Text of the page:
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The Indestructible Self

Part 13 of the Bhagavad Gita for Awakening

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In the first chapter of the Bhagavad Gita, which sets the stage for its other seventeen chapters, we are told that: “Krishna brought the chief chariot to stand in the midst of the two armies. Thus facing Bhishma, Drona, and all the rulers of the earth, Krishna said: Behold, Arjuna, these Kurus assembled here. Arjuna saw standing there fathers, grandfathers, teachers, maternal uncles, brothers, sons, grandsons as well as friends, fathers-in-law and companions in the two armies. In both of them he saw all relatives arrayed. Then filled with profound pity, desponding” (1:24-28), he spoke, filled with grief at the thought of the impending death of those he respected so highly and loved so dearly.

At first Krishna attempts to incite Arjuna to battle by speaking of duty and honor. This does not succeed, so he quickly passes on to the subject of the Self from which perspective alone could Arjuna truly engage in a righteous war. At one point he assures Arjuna:

This embodied Self is eternally indestructible in the body of all. Therefore you should not mourn for any being (2:30).

The Self is absolutely immutable. In a sense nothing ever even happens to it. Rather, it remains the silent, unchanging witness of all that goes on around it–but never within it or even with it or near it. In the fifth chapter Krishna describes the enlightened individual as being like a lotus leaf resting, unwetted, on water. This is not an ideal for Arjuna to strive for, but is the actual state of all sentient beings–they are never touched by anything, not even by God since God is the essence of their being. To understand that nothing ever really affects us is an essential insight, but the experiencing of it is much better.

The main point of Krishna’s statement is that it is unreasonable to mourn or grieve for anyone, since nothing has happened to them, however horrendous the appearance might be. Nor has anything really happened to us who have witnessed it. Not even their death has altered us in any degree.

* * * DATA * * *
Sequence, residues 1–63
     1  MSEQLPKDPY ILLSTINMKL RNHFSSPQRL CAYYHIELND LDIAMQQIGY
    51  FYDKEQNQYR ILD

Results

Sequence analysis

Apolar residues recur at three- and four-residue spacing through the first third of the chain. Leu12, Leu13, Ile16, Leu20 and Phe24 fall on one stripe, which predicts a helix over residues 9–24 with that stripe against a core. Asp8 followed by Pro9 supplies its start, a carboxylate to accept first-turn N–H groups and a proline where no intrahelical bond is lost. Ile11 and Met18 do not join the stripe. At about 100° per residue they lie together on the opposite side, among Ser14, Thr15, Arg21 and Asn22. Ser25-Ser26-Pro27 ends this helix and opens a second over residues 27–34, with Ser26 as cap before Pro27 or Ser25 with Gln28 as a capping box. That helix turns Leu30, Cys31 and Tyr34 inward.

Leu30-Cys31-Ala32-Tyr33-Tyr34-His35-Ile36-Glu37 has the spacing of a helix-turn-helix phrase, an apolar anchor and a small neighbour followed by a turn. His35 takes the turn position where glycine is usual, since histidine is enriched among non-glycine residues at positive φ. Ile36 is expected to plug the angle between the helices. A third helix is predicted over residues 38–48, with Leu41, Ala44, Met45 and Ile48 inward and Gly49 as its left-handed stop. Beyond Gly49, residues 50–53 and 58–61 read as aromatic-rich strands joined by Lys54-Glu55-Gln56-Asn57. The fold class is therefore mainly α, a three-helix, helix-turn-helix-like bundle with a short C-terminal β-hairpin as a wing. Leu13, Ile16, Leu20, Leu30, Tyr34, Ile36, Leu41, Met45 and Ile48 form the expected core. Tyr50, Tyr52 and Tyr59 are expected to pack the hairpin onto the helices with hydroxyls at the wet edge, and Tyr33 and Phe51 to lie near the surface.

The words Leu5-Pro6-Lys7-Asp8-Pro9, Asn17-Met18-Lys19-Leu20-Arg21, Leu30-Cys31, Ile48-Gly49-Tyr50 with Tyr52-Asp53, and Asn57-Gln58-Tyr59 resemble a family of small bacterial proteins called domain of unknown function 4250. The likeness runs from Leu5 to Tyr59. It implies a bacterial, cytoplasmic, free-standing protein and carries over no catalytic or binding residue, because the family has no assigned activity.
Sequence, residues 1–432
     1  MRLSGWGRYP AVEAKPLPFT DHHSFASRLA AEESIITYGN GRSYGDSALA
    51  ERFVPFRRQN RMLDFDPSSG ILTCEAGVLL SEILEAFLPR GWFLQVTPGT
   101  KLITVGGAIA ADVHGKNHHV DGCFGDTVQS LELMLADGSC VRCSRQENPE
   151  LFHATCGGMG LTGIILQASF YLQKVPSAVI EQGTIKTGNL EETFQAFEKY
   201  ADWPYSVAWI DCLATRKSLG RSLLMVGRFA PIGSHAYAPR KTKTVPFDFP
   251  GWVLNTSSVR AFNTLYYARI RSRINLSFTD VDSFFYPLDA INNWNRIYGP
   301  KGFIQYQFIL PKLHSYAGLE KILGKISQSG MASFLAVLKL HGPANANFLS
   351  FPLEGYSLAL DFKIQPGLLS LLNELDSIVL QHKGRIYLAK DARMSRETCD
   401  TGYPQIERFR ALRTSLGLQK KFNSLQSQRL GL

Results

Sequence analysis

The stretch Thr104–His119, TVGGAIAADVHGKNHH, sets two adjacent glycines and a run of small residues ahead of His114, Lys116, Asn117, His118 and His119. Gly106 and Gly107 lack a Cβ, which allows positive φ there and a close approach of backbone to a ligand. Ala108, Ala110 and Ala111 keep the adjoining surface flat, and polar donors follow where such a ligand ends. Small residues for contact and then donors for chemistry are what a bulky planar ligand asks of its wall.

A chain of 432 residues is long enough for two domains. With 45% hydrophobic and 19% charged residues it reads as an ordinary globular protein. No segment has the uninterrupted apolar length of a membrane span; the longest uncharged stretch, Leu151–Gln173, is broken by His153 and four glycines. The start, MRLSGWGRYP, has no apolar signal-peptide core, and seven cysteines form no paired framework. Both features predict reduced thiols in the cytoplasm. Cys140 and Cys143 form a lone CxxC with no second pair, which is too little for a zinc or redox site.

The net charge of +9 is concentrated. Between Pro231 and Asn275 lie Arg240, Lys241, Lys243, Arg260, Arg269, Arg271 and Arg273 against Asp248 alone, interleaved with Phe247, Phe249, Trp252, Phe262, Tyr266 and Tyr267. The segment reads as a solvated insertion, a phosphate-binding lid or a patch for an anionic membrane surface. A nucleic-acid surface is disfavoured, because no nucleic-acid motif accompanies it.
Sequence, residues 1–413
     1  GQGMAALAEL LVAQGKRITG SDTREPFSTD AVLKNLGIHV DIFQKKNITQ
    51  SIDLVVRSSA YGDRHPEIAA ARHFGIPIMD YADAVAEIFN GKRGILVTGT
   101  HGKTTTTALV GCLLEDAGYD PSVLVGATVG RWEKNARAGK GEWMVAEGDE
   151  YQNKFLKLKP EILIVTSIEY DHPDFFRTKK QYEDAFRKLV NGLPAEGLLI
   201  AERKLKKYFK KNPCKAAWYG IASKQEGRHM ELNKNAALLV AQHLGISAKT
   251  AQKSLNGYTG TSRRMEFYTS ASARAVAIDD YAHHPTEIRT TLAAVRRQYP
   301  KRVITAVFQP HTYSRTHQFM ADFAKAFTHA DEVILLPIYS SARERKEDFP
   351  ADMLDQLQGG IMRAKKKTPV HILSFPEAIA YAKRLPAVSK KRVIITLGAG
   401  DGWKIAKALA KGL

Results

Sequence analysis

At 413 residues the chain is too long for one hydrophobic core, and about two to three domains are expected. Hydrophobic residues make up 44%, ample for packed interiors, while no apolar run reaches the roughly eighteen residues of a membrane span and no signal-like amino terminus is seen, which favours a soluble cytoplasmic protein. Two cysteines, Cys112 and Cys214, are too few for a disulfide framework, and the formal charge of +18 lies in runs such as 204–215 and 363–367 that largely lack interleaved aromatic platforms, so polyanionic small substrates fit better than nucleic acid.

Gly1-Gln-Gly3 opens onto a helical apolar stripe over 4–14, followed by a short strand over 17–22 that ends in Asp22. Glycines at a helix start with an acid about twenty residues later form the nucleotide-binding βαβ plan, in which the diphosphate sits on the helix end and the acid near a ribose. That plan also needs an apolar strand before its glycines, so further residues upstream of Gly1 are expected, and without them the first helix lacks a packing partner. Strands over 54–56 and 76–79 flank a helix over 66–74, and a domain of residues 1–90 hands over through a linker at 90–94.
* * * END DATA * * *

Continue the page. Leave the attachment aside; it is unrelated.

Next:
When we lived in the Anza-Borrego desert we encountered an eccentric man who was caretaker of a friend’s property there. In speaking to us about him she commented that he had starred in his own movie for too long a time. That remark was both insightful and humorous, but it happens to be the truth about all of us. We are sitting in the “sense-surround” theater completely absorbed in the movies of our many lives and completely identifying with the spectacle. None of it is ultimately real, yet we suffer terribly. How is this? Unhappily, rather than “losing” our minds we have “found” them, become immersed in them, and now identify with them totally. All that happens to our body and mind we think is happening to us. And so we pass through a panorama of mistaken responses to the passing show.

Both birth and death are illusions, but that makes them no less painful if we identify with that which undergoes those changes. We must not just intellectually understand this, we must actually separate ourselves from the illusory contact and be what we already are: the indestructible Self. Then all suffering ceases–suffering that never really existed except as a mirage caused by non-existent phenomena. For Krishna assures us: “You dream you are the doer, you dream that action is done, you dream that action bears fruit. It is your ignorance, it is the world’s delusion that gives you these dreams” (5:14. Prabhavananda translation).